STORAGE IDEAS TO SAVE YOUR SANITY
Sorting out your storage problems starts with reassessing what you really need, writes Kirsten Craze
Living without enough storage is enough to drive the average homeowner a little crazy. Rummaging through the backs of cupboards — or storage crates — to find what you’re looking for is a waste of time and a pathway to frustration.
But living large in a small space is possible if you’re willing to look at the bigger picture. Whether it is a pint-sized inner-city property, or a home with a pokey kitchen or bathroom, storage can still be king with a little forethought.
Architect Nicolas Gurney has experience with compact footprints having redesigned studio apartments as small as 22sq m. He is currently working on a 12sq m granny flat.
He’s a great believer in learning to live with less and being careful with what you bring into your home.
“There’s something satisfying about inhabiting spaces without surplus or excess,” he says. “And when you consider we only occupy a square metre or two at a time, for me small places are no big deal,” he says.
“As an architect, it means that you have to work even harder to uncover solutions and solve problems.”
Anoushka Allum, interior designer and decorator from SmartSpace Interiors, agrees that you really don’t need more room to create more “space”.
“You can be smarter with how you live,” she says. “Some people are better than others at living with less.”
To make a small space work well you really do need to be prepared to live little. Not in terms of size, but be committed to only buying when you need to replace it.
She says that means that if something new is coming into the house, something also needs to go out.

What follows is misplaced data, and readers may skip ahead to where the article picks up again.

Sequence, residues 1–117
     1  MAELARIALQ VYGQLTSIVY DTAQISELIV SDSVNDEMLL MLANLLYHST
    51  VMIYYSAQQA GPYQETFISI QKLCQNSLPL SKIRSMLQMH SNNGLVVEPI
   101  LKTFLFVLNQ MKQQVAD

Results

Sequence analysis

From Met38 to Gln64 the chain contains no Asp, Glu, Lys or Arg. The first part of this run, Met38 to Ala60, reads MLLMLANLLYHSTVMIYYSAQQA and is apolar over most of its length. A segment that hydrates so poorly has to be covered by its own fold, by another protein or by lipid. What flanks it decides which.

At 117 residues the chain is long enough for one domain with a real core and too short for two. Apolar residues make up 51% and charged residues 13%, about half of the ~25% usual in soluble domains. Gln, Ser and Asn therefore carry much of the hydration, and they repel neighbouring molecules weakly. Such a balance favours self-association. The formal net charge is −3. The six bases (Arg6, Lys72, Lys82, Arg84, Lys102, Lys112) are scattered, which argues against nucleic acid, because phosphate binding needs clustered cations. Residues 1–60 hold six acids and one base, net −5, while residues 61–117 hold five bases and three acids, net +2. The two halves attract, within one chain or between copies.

Keeping it in the kitchen
A small, poorly planned kitchen can be a cook’s worst nightmare.
Anoushka says there’s one thing even the smallest kitchen needs.
“A pullout pantry in the kitchen is key,” Anoushka says. “In the kitchens that I design, I add in drawers and storage wherever possible, like in the kickboards, or a small 300mm-wide pullout pantry can be a super use of a slim floor-to-ceiling space.”
If you take storage up to ceiling height, it’s the ideal place to store less used items such as a pasta maker or rice cooker.
Nicolas says he is no stranger to tiny kitchens, but says that many clients have great expectations.
“These days everybody wants everything concealed, and they want every luxury, but it’s often at the expense of bench space,” Nicholas says.
“So, anything that can kind of flip down and pull out, or slide out, to effectively double the bench space, is the type of thing that I try to think about,” he says.
And while it might be tempting in a small home to want to hide the kitchen clutter, Nicolas says the opposite is true.
A mix of open shelving and drawers and cabinets is often the best solution, along with a good decluttering.
“A concealed kitchen tends to look quite heavy-set and boxy, whereas something more open tends to look a little lighter,” he says. “If you can organise the chaos, it means that the kitchen doesn’t impinge on the rest of the space as much.”
This bedroom by architect Nicholas Gurney features above and below bed storage and sliding door to keep clutter to a minimum.